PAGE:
Callistemon is a member of the myrtle (Myrtaceae) family. It was first described as a genus in 1814. Callistemon species have commonly been referred to as bottlebrushes because of their cylindrical, brush like flowers resembling a traditional bottle brush.
The botanical name Callistemon is derived from the Greek words kallos, meaning beauty, and stemon, meaning stamen, describing the coloured stamens, the showy part of the flowers.
The entire genus is endemic to Australia and is widely cultivated in many other places. They are long lived and require minimal maintenance. Some species are even drought-resistant. They are widely used in ornamental landscaping.
In Australia, flowering is normally in spring and early summer (October–December), but conditions may cause flowering at other times of the year. The flowers attract native birds, especially honey eaters. The obvious parts of the flower masses are stamens, with the anther at the tip of the filament. The corolla is inconspicuous and green in colour. The calyx is even more minute.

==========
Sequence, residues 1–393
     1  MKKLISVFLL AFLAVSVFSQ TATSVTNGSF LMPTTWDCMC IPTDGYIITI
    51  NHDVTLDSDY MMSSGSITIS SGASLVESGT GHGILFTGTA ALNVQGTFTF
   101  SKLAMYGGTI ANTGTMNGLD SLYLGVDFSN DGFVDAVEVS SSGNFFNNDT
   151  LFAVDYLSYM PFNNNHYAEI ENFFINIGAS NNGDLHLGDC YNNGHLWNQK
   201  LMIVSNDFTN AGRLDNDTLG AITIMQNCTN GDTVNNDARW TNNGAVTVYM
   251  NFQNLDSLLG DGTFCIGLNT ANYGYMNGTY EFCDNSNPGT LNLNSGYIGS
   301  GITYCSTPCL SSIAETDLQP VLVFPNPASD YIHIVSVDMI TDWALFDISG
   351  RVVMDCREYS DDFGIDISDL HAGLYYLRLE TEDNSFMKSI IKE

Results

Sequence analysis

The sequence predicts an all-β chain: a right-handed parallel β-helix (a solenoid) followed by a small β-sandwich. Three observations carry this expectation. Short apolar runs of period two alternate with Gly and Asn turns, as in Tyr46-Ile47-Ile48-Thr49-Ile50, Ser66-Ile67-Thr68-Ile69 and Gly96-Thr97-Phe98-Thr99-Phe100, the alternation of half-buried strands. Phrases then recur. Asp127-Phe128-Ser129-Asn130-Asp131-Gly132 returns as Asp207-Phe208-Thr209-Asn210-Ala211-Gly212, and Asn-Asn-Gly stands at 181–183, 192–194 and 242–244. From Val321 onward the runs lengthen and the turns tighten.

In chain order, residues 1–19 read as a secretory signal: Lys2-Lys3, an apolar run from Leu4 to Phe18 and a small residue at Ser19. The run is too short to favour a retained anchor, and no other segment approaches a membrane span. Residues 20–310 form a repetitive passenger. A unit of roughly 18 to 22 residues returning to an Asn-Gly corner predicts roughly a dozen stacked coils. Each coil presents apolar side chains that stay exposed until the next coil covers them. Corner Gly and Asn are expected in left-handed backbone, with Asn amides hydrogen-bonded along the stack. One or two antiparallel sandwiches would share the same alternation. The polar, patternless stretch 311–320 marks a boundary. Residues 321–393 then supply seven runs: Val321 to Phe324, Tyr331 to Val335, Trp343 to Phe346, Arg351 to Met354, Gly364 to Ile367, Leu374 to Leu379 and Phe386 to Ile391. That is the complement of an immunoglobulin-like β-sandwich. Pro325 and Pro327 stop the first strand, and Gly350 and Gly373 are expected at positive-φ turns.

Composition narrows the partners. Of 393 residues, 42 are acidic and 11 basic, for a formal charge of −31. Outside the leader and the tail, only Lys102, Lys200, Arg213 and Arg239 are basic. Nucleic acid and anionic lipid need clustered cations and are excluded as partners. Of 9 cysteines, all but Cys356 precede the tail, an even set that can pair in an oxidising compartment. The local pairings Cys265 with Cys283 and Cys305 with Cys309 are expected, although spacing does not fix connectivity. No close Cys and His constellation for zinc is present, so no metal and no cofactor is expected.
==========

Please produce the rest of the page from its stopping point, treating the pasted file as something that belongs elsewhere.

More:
Each flower head produces a profusion of 3-chambered seed capsules around a stem. They remain on the plant with the seeds enclosed until stimulated to open when the plant dies or fire causes the release of the seeds. A few species release the seeds annually.
Botanical Drawings :
Cronin, Leonard (1987) Key Guide to Australian Wildflowers A Reed Book (ISBN 0 7301 0191 6)
Fisher, Celia (2013) The Golden Age of Flowers The British Library (ISBN 978 07123 5895 8)
Wrigley, John W and Murray Fagg (1993) Bottlebrushes, Paperbarks & Tea Trees and all other plants in the Leptospermum alliance, Angus & Robertson (ISBN 0-207-16867-9)